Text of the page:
Yesterday was Abby's preschool Tea Time with Mom.
I took her mini hand in mine and we walked toward a room filled with moms, poster paint, and clinging children.
Especially mine. Abby is an entirely different unit out there in the world. Her typical twirling dervish belly laughs were silenced and in their place left a pale small child who seemed agitated if not coming down with the flu. I kept feeling her forehead to make sure she wasn't sick. She climbed into my lap and held my fingers tightly, one-by-one.
"Honey, are you ok?"
"My tummy hurts, Mommy."
So we sat together, biting into our pumpkin muffins and swallowing hard because cups of water were too far out of reach.
"Would you like to show me your centers?" I attempted to distract and noticed another mom feeling her daughter's forehead too.
"No, Mommy, just take me home with you."
Her tears weren't loud but they broke my heart. This sudden collision of home and school were overwhelming her loyalties and bringing her down.
"I'll take a nap when we get there, I'll do anything, just please take me home." This sprite just wanted her jammies.
The other mom struggled to remove her daughter's reach from around her shoulders. We traded glances from opposite sides of the world. Where I was ready to cave, she stood firm and grounded with zero chance of compromise. "Now, go play. I will see you after school," she told her tiny person who wanted every part of her jammies too.
I attempted to get both girls to comfort each other to no avail. They pretended they had never met or chased each other's ponytails around the swing set for months. Other Mom and I stood up in a unified front to do what was right. She was my leader so I stole invisible strands of her strength and resoluteness by giving my weepy daughter a quick kiss and walking toward the door.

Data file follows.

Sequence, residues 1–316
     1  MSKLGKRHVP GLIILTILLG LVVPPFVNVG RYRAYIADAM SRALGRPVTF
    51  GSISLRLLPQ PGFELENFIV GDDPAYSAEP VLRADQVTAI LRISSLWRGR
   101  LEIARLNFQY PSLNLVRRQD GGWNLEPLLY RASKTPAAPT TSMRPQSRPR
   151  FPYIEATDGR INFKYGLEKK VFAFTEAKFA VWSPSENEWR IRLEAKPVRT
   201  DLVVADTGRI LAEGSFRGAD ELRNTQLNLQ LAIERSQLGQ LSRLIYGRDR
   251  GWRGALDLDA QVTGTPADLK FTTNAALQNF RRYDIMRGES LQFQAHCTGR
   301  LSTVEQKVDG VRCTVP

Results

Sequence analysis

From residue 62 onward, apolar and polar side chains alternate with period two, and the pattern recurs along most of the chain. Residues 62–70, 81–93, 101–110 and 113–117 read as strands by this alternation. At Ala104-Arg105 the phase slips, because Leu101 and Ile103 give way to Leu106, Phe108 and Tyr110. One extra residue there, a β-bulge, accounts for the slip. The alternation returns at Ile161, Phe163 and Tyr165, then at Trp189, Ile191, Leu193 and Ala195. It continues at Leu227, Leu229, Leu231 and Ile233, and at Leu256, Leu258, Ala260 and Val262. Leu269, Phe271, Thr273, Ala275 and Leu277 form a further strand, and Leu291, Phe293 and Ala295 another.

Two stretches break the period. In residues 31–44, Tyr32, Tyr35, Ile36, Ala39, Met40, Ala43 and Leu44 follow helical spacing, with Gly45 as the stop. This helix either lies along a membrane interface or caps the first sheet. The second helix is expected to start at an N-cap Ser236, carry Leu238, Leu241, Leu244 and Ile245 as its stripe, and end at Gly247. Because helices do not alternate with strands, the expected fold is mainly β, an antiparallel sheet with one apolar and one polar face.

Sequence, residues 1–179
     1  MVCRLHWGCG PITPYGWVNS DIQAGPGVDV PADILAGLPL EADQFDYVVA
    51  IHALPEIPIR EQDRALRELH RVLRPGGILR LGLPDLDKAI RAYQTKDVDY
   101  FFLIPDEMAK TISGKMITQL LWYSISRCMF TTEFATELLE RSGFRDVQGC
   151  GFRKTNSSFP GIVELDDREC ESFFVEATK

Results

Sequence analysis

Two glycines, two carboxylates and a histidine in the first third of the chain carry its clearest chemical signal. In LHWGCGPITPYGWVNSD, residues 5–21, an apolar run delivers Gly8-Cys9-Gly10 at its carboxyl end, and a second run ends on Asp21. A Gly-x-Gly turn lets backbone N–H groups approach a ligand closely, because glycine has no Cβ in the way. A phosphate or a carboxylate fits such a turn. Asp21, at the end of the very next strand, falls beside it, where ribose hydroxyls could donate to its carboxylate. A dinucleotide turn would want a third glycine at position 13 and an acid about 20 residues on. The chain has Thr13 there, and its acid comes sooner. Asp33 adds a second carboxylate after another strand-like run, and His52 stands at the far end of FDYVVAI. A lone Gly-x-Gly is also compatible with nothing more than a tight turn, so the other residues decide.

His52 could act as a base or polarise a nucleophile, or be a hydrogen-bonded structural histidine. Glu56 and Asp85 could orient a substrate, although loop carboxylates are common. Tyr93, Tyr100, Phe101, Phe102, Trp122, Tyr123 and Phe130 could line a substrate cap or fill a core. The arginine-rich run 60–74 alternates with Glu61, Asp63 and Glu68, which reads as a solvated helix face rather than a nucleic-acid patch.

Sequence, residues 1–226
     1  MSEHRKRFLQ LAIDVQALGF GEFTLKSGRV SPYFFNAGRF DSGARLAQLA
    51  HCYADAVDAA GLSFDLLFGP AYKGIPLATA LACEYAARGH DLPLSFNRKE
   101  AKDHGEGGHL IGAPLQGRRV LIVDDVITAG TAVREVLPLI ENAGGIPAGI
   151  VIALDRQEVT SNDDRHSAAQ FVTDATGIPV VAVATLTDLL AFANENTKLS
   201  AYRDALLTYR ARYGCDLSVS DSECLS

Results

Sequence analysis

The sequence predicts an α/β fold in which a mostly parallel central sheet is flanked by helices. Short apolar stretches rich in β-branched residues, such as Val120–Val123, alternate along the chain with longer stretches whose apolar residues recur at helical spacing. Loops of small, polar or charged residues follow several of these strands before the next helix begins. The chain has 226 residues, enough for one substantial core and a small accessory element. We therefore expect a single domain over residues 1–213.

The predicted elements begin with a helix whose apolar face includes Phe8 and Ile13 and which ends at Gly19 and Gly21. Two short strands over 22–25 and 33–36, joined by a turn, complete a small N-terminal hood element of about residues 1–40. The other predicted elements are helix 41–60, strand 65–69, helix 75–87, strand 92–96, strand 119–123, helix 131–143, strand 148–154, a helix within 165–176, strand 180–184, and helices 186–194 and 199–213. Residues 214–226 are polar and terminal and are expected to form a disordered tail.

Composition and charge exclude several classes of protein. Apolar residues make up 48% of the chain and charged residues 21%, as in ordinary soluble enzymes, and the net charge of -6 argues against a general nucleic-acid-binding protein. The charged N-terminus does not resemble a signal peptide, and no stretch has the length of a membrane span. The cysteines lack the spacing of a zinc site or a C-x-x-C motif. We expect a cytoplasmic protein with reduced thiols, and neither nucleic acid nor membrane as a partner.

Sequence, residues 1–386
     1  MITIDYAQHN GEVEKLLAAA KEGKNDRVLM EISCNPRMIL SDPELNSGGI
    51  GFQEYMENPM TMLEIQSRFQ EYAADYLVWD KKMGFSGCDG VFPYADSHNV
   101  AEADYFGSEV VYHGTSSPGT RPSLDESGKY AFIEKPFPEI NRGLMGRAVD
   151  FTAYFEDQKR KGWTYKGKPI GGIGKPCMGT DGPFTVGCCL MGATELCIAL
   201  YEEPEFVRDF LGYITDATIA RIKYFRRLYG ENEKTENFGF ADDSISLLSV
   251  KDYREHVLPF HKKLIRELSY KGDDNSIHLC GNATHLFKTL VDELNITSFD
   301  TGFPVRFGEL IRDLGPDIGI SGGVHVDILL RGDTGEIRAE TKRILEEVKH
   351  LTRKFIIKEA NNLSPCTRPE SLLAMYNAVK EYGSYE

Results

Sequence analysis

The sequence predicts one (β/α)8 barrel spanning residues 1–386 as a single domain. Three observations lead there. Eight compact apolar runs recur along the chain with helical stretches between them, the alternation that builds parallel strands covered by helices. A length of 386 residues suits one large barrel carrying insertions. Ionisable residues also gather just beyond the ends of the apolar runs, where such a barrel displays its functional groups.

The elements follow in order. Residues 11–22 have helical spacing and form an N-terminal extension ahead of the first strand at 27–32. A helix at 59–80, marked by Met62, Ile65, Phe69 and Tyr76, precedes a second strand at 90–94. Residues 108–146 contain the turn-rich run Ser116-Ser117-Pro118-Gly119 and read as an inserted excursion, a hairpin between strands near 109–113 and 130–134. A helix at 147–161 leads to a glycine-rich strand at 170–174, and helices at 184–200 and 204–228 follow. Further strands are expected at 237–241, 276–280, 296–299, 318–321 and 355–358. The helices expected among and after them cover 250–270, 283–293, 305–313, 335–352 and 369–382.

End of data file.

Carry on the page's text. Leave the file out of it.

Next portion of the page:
Abby and her friend-not-friend stood next to each other yet mountains apart.
My feet went down the hallway in slow motion as I considered going back. But alas, Other Mom was already out the door so I followed her glossy black heels and marveled over her black skirt and leggings that were not polluted with one sliver of dog hair.
She lost me and my thrifted plum pumps somewhere in the parking lot. I had to squeeze my toes a certain way to keep them on since they were one size too big.
As I rummaged through my ridiculous (also previously used) Bongo purse, I noticed a pretty brunette sitting in her seat with the door still open. Her glossy black pumps looked less sassy and way more uncomfortable in her car.
"Ha, we broke free, didn't we?" I said to my pretty leader.
"Yes, we did," she sniffled. I could tell her eyes were wet underneath her sunglass frames.
"You did great! I didn't think I'd get my latte after that session of sad," I joked nervously because that's my thing.
"Thanks," she sniffed again, "It is killing me to leave her like that."
My fearless leader was openly crying now. She took off her sunglasses to unveil two of the most mournful brown eyes I've ever seen. My heart sank to the bottom of the gap in my heels.
"Well then you should feel doubly proud," I rattled on, "You conveyed zero regret or sadness to your girl as I was there making it worse by clutching mine like an open book."
"I guess," she said. "I just hate to leave her like that."
Then I understood the difference between us wasn't our shoes or our ability to find the de-linting brush.
This mom had no choice. She had to go to work. She couldn't afford negotiations or jumping back into her jammies to play hookie with her daughter. This mama was just as emotional about leaving her girl in tears as I was but had no room to consider an alternative outcome. We all weigh options of working long hours outside the home, working long inside the home, or being a parent that works their yoga panted butt off for no paycheck. The decisions are specific to the needs of that particular family.
Sometimes I get a reminder that I'm right where I need to be for us. For my family.
As we parted ways, I lifted my cute little Bongo bag into my lap. I kicked off my sweet rounded nosed shoes to the passenger side. I drove away not ashamed but grateful for my second-hand finds that allow me the freedom, at least right now, to always consider an alternative outcome.